His or Hers? A Battle of the Climbing Photographers

Niko and I are constantly engaged in war – an ongoing battle between our climbing photographs. If I take a particularly impressive shot, he’ll quickly snag the camera and one-up me with an even better composition. When he finds the perfect lighting, I’m quick to steal the Nikon to shoot some photos of my own. Our little feud has become the best tool to pushing us to get the best climbing photos we can – but we can never decide who took to the better shot, so we’re asking you to help us decide.

Check out these two climbing photos, and choose your favorite (*click the photos for the full-sized view). Leave a comment at the bottom of this blog post letting us know which one you prefer. We’ll reveal who shot which photo once the votes are tallied and a winner is chosen!

These two photos were both taken at Indian Creek in Utah. We spent three weeks living in the desert, and snapped some of our best climbing photos of all time while we were out climbing sandstone cracks in the sunshine. There were dozens of photos that blew us away, including a few I shot of the fellas climbing Scarface while a thunderstorm rolled in – but these two are our favorites:

1. Jeremy Rush with a desperate face-press on Incredible Hand Crack (5.10c).

Jeremy Rush using everything he has on Incredible Hand Crack (5.10c) at Indian Creek in Utah.

2. Bryan Cox illuminated on Anunnaki (5.12).

Bryan Cox crushing Anunnaki (5.12) at Indian Creek in Utah.

There can only be one winner, and the choice is up to you. We’re pretty competitive with this idea, so we reckon it’ll become a series of photo contests – and the loser has to buy the winner a sweet treat of their choice. Glory and the promise of a free snack, it’s on!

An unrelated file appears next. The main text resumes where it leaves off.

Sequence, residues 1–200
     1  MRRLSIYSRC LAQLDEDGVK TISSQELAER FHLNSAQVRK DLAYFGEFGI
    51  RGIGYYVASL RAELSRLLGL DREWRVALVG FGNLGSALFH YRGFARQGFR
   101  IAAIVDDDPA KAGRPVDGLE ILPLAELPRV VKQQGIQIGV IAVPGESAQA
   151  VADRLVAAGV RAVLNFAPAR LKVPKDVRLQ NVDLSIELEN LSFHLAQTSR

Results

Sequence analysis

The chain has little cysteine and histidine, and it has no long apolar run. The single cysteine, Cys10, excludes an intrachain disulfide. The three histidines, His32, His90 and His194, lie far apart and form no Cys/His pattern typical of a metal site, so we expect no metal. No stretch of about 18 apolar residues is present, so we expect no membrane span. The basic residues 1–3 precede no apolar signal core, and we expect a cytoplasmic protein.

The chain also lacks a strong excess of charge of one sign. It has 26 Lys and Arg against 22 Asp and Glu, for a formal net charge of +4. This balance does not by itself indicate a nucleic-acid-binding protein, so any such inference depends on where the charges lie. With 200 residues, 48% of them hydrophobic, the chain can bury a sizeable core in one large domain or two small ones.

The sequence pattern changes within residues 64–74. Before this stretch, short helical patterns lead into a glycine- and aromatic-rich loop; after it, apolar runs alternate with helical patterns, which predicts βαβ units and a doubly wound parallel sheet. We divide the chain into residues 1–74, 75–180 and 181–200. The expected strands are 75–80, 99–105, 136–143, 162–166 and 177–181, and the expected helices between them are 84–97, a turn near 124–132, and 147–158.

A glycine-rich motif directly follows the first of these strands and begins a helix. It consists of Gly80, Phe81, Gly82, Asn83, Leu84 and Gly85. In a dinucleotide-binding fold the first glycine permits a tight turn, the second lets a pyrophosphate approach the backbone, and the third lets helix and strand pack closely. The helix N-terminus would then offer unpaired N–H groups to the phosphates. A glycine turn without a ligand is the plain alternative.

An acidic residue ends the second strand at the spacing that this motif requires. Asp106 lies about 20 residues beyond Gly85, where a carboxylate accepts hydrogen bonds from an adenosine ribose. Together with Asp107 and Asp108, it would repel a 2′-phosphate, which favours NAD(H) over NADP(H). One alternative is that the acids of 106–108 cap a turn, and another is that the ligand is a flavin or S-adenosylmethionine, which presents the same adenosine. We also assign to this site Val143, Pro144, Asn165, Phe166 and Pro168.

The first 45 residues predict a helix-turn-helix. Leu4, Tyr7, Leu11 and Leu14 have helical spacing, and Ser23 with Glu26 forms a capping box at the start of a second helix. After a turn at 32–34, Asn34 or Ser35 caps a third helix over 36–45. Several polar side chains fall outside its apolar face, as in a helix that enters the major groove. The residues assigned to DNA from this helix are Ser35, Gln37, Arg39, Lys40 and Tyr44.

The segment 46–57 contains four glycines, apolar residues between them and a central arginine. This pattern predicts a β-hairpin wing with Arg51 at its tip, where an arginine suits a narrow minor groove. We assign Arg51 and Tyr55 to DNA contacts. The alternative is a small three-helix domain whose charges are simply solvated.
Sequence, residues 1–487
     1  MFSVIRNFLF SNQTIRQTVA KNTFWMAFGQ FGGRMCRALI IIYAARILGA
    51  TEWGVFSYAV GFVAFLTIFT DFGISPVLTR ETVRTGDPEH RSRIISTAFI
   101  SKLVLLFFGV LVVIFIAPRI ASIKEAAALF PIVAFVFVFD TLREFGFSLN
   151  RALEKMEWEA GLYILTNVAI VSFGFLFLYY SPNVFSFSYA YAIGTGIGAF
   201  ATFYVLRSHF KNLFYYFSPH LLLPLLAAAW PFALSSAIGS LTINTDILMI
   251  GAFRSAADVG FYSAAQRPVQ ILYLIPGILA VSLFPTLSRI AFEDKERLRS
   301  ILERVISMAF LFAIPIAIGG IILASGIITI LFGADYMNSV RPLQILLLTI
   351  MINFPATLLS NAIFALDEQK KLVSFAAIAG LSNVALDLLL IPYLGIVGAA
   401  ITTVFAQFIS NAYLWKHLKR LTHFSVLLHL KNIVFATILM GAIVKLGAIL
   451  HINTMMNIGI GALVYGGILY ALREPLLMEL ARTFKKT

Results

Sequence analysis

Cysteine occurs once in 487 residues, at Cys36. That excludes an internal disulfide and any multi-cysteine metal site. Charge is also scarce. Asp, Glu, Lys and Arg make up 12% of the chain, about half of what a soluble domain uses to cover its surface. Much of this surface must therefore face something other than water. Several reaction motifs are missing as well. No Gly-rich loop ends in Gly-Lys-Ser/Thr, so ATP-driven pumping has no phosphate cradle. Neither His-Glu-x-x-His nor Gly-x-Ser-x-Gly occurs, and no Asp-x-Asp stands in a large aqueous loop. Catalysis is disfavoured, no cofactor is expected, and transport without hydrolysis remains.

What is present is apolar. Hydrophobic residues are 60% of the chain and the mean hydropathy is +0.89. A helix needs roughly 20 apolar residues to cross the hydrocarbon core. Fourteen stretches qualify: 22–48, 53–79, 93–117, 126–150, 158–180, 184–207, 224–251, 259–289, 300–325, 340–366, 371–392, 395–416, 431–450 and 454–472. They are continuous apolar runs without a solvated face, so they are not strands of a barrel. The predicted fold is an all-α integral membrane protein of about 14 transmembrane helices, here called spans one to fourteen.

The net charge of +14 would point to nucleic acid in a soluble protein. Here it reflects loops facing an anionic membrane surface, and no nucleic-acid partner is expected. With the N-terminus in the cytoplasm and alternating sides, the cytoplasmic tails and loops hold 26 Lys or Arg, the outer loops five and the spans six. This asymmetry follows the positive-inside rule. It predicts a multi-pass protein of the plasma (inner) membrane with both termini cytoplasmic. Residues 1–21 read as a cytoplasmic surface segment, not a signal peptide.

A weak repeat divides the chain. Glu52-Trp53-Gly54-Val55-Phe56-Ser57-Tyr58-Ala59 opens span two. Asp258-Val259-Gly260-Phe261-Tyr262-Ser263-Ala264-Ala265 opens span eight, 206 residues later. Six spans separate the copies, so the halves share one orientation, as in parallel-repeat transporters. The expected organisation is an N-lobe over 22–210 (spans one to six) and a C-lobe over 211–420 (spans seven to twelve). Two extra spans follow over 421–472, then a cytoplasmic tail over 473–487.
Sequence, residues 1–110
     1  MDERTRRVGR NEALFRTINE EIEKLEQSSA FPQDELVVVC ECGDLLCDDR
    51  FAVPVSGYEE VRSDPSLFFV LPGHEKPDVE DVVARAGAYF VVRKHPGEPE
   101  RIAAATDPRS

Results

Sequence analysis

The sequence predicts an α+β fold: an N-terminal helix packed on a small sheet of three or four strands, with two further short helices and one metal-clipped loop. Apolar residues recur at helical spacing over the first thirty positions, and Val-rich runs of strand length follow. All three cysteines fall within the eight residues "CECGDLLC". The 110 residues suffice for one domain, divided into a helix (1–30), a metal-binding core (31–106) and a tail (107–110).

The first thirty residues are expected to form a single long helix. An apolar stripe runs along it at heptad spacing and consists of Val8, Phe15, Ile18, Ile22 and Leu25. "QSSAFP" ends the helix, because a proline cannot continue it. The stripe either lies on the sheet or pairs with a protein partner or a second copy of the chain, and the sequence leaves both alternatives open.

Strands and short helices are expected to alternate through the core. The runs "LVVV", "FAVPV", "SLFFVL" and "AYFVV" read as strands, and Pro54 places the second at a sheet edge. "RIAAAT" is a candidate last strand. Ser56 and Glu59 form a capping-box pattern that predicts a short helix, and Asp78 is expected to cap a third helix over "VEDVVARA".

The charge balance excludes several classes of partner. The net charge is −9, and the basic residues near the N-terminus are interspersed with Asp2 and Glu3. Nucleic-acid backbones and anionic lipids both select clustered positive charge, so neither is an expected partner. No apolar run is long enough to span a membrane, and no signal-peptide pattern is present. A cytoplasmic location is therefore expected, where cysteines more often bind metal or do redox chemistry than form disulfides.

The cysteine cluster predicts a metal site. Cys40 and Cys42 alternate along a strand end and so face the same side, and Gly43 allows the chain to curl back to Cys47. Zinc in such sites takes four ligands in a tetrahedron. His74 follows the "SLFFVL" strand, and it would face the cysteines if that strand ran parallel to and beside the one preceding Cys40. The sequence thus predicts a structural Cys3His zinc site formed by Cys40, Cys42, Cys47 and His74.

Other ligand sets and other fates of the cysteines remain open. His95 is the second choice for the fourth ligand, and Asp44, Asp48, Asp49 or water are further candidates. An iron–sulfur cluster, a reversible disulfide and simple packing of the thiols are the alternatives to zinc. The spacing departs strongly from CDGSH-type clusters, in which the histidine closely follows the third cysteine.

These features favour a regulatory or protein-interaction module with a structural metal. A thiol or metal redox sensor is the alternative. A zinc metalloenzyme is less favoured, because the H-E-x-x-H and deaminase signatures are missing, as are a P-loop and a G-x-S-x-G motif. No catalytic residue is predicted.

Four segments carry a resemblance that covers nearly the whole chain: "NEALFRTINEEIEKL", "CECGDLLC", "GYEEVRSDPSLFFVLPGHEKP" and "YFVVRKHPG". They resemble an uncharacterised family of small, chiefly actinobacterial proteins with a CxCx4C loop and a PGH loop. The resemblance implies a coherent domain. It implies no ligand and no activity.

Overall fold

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45 thoughts on “His or Hers? A Battle of the Climbing Photographers

  1. Shay Skinner says:

    Oh man. Those are both great shots. However, coming from a photographer’s perspective, Anunnaki is an INCREDIBLY difficult climb to photograph in my opinion just due to it’s location and the way it faces. I’m going to have to go with Anunnaki just because I must give props.

  2. Corey says:

    #1…Jeremy’s…A climbing photo showing the face is almost always going to be better then without the expression being visible. #2 would win if the climber was laid back shaking the arm out. Both are good though and well deserving of some ice cream!

  3. Jody Dingman says:

    This is a tough one but I keep leaning towards the face press photo so I’m gonna have to go with that. It shows the intensity of the climb that you don’t normally see. The other photo is great also as far composition goes. I can totally see that as a canvas framed print in someone’s office. Great job!

  4. Hannah says:

    I agree, they’re both killer shots. I love the character of #1. It grabs you and has you rooting for Jeremy like you’re right there alongside him. But the perspective and lighting of #2 is sick. The colors are gorgeous.. and although slightly more detached and even ominous, i find myself holding my breath a little while looking at it. Lots of words to say #2,
    But bring on round two, I like this game 🙂

  5. Colorado Gal says:

    #2! And I love that you two can both take photos! Will tries to hand me his camera for five seconds and I go into panic mode because I’m scared I’ll drop it 🙂

  6. Steven A says:

    Katie is family so not sure if that negates my vote… I’d have to say #1. spirit of the climb and lighting +++

  7. Nate C says:

    Both are great but I enjoy #1 more, being framed by the rocks and the apparently parallel positioning of the photographer trumps the awesome lighting of #2. Additionally I like the detail you can see on the climber in the first one, with a belt full of anchors – its really cool, like the start of an epic journey.

  8. Monty says:

    Vote: #1

    My favorite thing about a climbing photo is the angle of the shot.. Although #2 has nice lighting, #1 captured personal expression, beauty of the stone, and the climax of the climb all while being shot from a unique perspective. With photoshop and other editing tools available in today’s photography world the lighting of any photograph can be manipulated to look unique. So I VOTE #1!!

  9. CB says:

    #1 is not as compelling as #2, but number 2 shows signs of manipulation in the upper right corner…

    #1 is also an abomination of hand crack climbing. He’s laybacking!!!!!!!

  10. Toby Butterfield says:

    The perspective on #1 is a little weird, so I’m going with #2. Why would you put in more gear right there, though!? Go for the chains!

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